Effort to take politics out of drawing voting maps should gain traction this year, backers say

Discussion in 'Politics' started by gwb-trading, Feb 13, 2019.

  1. News from N.C.

    Effort to take politics out of drawing voting maps should gain traction this year, backers say
    https://www.wral.com/effort-to-take...gain-traction-this-year-backers-say/18189888/

    Bills to end gerrymandering in North Carolina have been filed just about every session for decades but have rarely even gotten a hearing. This year, backers say, things could be different.

    North Carolina's voting maps are often held up as an example of extreme partisan redistricting, designed to elect as many Republicans or Democrats as possible. Rep.

    Chuck McGrady , R-Henderson, said gerrymandered districts have created "a volatile and polarized policy environment" and eroded accountability.

    "Constituents should be the ones that pick their lawmakers, not the other way around," McGrady said at a Wednesday news conference on the filing of House Bill 69.

    The measure, sponsored by McGrady, Rep. Robert Reives, D-Chatham, Rep. Jon Hardister, R-Guilford, and Rep. Brian Turner, D-Buncombe, would take the task of drawing congressional and legislative voting districts out of the hands of the General Assembly and turn it over to an independent 11-person commission.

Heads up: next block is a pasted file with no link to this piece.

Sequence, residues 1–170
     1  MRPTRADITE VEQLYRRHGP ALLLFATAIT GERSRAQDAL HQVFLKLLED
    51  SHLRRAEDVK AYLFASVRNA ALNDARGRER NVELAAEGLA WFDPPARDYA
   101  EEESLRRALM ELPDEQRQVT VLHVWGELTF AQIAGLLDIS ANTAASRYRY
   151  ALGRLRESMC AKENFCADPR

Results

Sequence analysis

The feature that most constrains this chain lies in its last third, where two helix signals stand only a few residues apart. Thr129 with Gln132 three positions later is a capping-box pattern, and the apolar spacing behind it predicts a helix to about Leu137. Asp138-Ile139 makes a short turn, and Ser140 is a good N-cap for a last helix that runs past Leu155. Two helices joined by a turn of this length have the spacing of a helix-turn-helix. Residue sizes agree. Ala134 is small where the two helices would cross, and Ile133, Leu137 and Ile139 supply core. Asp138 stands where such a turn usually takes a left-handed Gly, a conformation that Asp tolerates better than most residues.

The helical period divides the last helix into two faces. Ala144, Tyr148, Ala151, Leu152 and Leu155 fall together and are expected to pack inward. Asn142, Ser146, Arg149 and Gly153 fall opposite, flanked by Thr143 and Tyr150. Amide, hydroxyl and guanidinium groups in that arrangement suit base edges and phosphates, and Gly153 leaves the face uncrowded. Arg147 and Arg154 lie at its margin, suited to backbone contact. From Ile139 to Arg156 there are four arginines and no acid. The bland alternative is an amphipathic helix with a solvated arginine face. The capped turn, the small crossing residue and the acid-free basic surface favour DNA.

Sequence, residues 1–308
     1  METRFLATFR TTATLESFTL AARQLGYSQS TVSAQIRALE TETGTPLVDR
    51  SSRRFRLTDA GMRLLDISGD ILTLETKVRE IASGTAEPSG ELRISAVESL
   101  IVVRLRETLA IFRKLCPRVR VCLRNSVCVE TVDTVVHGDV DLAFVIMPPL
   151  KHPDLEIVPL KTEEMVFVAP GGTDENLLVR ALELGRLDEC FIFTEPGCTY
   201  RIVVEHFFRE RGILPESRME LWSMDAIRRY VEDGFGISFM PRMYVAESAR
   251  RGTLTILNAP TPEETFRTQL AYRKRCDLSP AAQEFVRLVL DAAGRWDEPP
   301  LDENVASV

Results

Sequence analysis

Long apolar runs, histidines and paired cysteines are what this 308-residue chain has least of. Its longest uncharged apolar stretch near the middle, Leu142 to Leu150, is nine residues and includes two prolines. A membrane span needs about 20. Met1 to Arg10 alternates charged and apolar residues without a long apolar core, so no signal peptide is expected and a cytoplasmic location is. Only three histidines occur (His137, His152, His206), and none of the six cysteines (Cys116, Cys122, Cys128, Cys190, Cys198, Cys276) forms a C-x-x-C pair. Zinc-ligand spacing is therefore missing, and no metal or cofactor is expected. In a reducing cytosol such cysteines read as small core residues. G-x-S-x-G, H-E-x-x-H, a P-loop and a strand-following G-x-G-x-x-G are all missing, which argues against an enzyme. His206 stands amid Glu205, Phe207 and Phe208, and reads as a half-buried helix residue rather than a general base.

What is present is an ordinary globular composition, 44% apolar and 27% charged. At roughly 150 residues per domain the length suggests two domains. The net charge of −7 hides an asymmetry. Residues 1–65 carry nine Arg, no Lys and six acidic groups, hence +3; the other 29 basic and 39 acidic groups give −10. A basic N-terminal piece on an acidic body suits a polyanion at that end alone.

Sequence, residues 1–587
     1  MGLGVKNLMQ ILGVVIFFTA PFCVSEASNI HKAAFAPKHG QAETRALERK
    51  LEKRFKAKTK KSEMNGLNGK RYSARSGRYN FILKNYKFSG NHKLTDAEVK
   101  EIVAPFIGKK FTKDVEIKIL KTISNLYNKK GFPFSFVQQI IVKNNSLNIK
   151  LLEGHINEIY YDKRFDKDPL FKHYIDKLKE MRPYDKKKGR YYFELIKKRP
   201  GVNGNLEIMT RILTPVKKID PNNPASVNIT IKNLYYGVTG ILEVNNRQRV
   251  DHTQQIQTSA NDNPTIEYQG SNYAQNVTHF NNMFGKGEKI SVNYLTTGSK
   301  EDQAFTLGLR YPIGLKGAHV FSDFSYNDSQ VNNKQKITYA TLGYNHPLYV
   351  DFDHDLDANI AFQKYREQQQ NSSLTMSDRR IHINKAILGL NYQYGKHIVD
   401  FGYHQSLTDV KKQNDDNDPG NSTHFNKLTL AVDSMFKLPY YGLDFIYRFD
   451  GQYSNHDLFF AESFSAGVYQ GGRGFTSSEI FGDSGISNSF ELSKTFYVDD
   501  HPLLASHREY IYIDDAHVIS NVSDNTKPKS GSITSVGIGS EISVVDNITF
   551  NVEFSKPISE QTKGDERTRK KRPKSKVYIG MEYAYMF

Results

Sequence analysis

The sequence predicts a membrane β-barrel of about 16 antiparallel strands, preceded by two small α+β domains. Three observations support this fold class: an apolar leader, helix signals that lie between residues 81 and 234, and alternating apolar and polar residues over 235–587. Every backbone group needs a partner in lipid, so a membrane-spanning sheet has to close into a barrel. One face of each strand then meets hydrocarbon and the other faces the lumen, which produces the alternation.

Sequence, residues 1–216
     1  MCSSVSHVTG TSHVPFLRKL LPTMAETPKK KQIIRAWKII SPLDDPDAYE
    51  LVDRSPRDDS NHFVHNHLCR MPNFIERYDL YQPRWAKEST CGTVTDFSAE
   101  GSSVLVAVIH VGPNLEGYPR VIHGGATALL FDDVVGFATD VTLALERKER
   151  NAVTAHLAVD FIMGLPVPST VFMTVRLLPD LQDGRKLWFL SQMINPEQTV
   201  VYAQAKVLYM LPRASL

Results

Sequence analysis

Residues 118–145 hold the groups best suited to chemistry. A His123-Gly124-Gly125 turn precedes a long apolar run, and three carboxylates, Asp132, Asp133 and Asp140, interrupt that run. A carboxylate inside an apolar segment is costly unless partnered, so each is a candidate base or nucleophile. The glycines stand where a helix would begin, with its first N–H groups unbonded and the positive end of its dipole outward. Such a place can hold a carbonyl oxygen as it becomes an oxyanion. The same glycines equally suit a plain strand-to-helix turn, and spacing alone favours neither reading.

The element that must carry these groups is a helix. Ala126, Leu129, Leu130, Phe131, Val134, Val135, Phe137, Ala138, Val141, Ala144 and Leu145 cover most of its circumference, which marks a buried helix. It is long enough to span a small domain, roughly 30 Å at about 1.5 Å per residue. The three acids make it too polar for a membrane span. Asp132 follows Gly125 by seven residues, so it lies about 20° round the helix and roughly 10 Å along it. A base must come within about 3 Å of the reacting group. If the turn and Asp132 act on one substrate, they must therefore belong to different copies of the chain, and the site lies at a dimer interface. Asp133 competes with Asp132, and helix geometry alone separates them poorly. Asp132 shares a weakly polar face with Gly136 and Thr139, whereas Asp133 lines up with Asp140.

Although such commissions have been proposed before, McGrady and Reives said two factors are making lawmakers think long and hard about following through on the idea now:
    • Neither party is sure who will control the legislature after the 2020 election and would therefore be in charge of drawing the next set of maps.
    • Lawsuits challenging maps lawmakers have drawn in recent years continue to roll through state and federal courts. The U.S. Supreme Court is scheduled to hear arguments in March on whether the congressional map drawn in 2016 was too partisan.
    Lawmakers don't want the courts drawing maps for them, Reives said, so now is the time to change the system.

    "What you don't want people doing is sitting around looking, 'How do we get the most Democrats in one group? How do we get the most Republicans in one group?'" he said. "When you think about it, if you take those factors out by themselves, you're already down the road to getting real districts."

    House Bill 69 is modeled after a system that has been used successfully in Iowa for years.

    The redistricting commission would include four Democrats, four Republicans and three people not affiliated with either party. All members would be randomly selected by the State Auditor's Office from a list of 52 nominees compiled by House and Senate Republicans and Democrats.

    Nominees cannot have held office, been appointed to a state board, worked on a campaign, worked for a political party or served as a lobbyist within the past five years. Anyone who works for the General Assembly or has financial ties to the governor also would be ineligible to serve on the redistricting commission.

    In drawing the maps, the commission would focus on balancing population across districts, splitting as few counties and precincts as possible and making districts geographically. The panel couldn't try to protect incumbents, consider how people voted in past elections or racially gerrymander any districts, according to the bill.